To help cover up this heist of the economy, an appealing intellectual gloss was needed. So public intellectuals were recruited and subsidized to turn globalization, neoliberalism, and the Washington Consensus into a theological belief system. The dismal science of economics became a miracle of faith. Wall Street glistened as the new promised land, while few noticed that those angels dancing on the head of a pin were really witch-doctors with MBAs brewing voodoo magic. The greed of the Gordon Gekkos once considered a vice was transformed into a virtue. One of the high priests of this faith, Lloyd Blankfein, CEO of Goldman Sachs, looking in wonder on all that his company had wrought,
pronounced it Gods work.
A prominent neoconservative religious philosopher even articulated a
theology of the corporation. I kid you not. And its devotees lifted their voices in hymns of praise to wealth creation as participation in the Kingdom of Heaven here on earth. Self-interest became the gospel of the Gilded Age.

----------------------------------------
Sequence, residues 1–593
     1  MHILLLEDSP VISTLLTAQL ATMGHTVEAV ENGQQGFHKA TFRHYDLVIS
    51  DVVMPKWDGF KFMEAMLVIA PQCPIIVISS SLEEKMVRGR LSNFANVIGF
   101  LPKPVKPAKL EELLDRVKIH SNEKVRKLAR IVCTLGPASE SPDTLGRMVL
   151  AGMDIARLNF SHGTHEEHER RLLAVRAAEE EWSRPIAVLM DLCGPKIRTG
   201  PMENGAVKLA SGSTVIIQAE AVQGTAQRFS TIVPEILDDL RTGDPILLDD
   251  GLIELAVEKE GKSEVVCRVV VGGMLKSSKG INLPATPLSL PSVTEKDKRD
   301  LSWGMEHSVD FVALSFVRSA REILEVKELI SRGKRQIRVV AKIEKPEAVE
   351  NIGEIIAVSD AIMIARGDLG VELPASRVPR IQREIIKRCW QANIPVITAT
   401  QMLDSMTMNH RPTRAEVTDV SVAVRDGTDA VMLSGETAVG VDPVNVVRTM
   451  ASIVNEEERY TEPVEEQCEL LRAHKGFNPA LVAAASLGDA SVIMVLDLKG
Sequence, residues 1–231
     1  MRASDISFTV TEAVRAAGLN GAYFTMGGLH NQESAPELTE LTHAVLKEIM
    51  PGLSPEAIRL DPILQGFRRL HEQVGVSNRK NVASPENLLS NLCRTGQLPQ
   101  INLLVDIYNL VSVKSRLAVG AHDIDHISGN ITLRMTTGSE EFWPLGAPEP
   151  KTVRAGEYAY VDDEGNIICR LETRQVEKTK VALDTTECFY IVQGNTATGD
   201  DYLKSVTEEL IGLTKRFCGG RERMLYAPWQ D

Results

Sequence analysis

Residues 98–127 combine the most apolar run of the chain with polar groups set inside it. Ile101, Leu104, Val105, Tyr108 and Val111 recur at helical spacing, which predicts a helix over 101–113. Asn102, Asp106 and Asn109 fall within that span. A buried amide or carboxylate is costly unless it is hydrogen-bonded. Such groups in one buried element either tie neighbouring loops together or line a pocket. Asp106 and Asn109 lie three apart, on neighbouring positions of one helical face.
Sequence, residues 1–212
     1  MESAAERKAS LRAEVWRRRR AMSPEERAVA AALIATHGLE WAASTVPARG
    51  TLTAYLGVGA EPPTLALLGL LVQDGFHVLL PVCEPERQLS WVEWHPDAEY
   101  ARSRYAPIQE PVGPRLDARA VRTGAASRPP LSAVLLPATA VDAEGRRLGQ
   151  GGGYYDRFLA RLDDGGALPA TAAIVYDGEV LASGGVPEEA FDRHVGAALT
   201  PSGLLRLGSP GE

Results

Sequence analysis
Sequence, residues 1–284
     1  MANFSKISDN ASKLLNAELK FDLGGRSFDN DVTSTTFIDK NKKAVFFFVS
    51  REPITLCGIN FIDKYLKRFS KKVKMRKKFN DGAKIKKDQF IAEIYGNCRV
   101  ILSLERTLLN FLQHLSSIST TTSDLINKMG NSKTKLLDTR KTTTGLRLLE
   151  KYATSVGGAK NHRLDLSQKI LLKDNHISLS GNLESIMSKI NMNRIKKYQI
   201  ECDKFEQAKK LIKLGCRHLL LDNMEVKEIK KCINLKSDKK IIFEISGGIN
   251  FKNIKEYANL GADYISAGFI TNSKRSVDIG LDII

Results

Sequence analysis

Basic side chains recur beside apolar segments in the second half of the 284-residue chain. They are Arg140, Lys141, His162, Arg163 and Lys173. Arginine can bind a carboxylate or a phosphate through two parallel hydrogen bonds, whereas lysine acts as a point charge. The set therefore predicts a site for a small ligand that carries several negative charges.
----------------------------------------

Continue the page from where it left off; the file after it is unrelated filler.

No one today articulates this winner-take-all philosophy more candidly than Ray Dalio. Think of him as the King Midas of hedge funds, with a personal worth
estimated at almost $16bn and a company, Bridgewater Associates, reportedly worth as much as $154bn.
Dalio fancies himself a philosopher and has written a
book of maxims explaining his philosophy. It boils down to: Be a hyena. Attack the wildebeest. (Wildebeests, antelopes native to southern Africa as I learned when we once filmed a documentary there are no match for the flesh-eating dog-like spotted hyenas that gorge on them.) Heres what Dalio wroteabout being a Wall Street hyena: